In another instance, the Treasury Department obstructed multiple transparency requests for more than nine months regarding internal work on the development of a carbon tax, as well as the sources of funding for international climate commitments that were negotiated behind closed doors.

We can all agree that affordable energy is a critical component of having a healthy and robust economy in the United States, and we are fortunate to have tremendous energy resources here at home.  As such, I am concerned that the administration's proposals threaten to undermine an important sector of our economy and the industries and jobs it supports in the name of modest environmental gains. 

Additionally, as a guiding principle, I encourage the federal government to adopt policies that are supported by the stakeholders most affected.  In reviewing the testimony provided by members of President Obama's Administration today, I am concerned that the views of those most likely to be negatively impacted by new EPA regulations have not been appropriately considered.  Protecting and improving our natural environment is a goal shared by many, but there is strong disagreement on how to accomplish these goals.

In general, the best policies for addressing climate change are grounded in three basic principles: Sound, peer-reviewed science; Protection of our quality of life; and Policies that promise the greatest benefit to both the environment and people without harming our economy.

The recent climate change proposals issued by President Obama, however, will have severe economic consequences and not likely lead to measurable environmental benefits if fully implemented.  Further, they would undermine the utilization of our own traditional, affordable sources of energy and increase the cost of electricity for consumers.  Rather, we must utilize an "all of the above" approach, which should include a robust expansion of nuclear energy production, hydroelectric power, and other promising renewable and emissions reducing technologies.  By expanding and diversifying our energy portfolio, we can reduce risks to the environment, promote a strong domestic energy sector and increase our energy security.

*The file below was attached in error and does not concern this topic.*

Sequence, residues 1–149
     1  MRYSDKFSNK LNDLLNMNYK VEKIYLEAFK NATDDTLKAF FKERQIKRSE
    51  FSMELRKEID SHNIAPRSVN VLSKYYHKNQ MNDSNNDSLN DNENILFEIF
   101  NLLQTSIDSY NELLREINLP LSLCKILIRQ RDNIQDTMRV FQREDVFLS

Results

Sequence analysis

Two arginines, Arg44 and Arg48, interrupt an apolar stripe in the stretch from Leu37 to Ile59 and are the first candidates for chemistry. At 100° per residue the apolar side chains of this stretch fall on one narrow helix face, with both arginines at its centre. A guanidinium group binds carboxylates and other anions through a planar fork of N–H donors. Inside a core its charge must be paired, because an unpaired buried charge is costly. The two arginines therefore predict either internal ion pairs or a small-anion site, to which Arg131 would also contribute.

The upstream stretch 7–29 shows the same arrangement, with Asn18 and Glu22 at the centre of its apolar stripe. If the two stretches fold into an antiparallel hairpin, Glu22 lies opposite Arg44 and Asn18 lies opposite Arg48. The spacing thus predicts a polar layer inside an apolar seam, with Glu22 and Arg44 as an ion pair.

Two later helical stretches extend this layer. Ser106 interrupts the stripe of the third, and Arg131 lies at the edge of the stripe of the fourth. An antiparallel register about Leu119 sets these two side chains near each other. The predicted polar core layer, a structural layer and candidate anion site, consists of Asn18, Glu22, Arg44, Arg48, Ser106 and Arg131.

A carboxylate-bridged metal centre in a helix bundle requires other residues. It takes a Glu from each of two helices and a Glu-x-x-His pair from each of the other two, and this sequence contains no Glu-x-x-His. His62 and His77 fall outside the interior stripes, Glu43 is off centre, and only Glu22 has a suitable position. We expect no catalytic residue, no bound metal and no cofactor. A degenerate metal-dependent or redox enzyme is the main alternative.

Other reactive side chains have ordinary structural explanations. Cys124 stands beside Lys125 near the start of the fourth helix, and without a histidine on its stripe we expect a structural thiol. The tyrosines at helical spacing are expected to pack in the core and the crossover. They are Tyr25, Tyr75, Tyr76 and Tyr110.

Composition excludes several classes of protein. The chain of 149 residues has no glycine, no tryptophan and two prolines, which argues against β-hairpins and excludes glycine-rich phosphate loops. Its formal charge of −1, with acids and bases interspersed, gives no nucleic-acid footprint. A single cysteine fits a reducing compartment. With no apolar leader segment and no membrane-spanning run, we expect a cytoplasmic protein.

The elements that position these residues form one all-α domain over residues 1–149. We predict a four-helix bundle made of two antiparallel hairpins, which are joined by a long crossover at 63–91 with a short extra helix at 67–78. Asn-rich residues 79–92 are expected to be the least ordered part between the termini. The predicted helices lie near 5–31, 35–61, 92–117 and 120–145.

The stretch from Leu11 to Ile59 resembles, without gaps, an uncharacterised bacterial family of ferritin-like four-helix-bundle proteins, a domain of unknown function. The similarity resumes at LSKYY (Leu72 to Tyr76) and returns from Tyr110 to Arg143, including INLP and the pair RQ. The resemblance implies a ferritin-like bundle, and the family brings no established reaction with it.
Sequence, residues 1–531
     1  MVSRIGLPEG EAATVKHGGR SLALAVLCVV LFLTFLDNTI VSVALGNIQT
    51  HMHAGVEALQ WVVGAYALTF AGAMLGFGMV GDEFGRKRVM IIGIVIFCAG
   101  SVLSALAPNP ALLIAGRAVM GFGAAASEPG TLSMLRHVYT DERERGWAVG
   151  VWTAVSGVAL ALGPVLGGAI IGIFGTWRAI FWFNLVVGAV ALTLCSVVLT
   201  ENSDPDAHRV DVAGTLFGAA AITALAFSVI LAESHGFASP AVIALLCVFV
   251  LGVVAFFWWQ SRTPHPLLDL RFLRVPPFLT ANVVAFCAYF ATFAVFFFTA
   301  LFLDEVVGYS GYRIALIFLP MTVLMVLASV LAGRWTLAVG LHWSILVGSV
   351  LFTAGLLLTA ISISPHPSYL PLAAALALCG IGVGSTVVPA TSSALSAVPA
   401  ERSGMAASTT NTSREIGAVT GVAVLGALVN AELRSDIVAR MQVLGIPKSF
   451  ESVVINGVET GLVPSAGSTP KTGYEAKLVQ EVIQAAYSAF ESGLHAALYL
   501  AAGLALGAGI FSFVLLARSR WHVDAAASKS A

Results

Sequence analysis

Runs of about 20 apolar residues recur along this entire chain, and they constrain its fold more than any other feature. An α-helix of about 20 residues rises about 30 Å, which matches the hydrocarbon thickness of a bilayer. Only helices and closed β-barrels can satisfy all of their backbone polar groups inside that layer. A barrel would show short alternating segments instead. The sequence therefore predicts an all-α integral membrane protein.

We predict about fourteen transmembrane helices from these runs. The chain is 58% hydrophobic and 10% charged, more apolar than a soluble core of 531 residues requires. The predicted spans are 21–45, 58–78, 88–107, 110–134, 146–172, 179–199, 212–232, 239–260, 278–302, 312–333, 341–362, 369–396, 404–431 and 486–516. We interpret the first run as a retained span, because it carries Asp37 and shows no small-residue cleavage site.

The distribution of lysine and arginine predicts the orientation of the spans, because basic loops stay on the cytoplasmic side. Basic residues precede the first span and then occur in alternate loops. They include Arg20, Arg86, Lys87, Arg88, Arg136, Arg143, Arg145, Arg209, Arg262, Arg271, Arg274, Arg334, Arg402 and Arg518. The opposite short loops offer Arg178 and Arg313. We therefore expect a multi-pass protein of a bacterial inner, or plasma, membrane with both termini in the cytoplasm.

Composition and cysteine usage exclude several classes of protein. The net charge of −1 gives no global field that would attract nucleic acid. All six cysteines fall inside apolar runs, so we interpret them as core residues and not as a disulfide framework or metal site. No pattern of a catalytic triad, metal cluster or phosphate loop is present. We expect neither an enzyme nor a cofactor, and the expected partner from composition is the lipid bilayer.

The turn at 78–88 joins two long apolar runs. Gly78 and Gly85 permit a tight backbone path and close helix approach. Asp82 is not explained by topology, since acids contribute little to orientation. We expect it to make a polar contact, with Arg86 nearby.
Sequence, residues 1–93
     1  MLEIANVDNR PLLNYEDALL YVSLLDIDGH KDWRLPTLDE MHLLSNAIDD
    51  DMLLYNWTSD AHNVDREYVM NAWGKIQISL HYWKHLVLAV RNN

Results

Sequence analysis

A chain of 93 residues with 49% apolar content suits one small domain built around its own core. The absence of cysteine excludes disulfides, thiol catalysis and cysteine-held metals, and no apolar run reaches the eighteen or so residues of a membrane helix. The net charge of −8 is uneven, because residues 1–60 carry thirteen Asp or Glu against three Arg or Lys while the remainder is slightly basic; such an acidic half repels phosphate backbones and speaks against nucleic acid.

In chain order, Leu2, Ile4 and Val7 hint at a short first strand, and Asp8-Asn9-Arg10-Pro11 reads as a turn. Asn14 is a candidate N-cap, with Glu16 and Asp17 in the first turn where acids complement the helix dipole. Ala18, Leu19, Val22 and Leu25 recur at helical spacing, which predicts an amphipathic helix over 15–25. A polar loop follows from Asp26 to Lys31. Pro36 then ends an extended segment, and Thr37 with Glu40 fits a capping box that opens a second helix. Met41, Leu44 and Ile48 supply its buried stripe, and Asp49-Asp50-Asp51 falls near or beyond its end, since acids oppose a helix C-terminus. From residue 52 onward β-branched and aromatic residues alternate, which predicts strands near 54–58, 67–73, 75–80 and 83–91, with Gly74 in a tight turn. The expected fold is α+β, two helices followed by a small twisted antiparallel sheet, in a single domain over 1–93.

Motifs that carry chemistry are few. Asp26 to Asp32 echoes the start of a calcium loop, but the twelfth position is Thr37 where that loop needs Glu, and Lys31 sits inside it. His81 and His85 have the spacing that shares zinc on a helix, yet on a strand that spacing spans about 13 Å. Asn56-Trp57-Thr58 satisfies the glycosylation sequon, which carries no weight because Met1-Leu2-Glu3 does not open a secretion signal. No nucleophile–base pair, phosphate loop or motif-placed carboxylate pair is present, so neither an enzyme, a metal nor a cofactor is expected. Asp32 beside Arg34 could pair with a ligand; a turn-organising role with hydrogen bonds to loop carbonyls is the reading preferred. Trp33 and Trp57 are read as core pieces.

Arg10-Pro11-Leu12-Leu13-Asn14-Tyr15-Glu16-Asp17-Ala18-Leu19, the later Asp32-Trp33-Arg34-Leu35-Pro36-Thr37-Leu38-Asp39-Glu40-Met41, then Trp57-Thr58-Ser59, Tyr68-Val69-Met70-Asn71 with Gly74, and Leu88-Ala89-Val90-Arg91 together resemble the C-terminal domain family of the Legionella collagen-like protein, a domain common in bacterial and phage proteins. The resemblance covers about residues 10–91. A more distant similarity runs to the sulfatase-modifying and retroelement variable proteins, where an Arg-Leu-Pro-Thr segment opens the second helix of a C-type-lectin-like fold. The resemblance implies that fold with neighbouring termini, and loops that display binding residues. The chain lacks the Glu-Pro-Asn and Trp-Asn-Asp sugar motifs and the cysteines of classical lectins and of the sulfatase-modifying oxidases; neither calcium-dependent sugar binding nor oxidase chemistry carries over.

I support legislative solutions that preserve and enhance our natural environment.  However, I am deeply concerned that unilateral EPA regulation of greenhouse gas emissions is already imposing major burdens on our economy without resulting in commensurate environmental benefits.  I agree on the need for continued research in the field of climate science in order to gain the necessary knowledge needed to implement effective policies.  The issue is fraught with significant social, environmental and economic consequences and it is essential we get it right.    

As such, I look forward to hearing from Dr. Judith Curry today and her work at Georgia Institute of Technology.  After reviewing her testimony, I am interested to learn more about the assertion that the science surrounding anthropogenic climate change is far from settled.  Again, I look forward to the witnesses testimonies.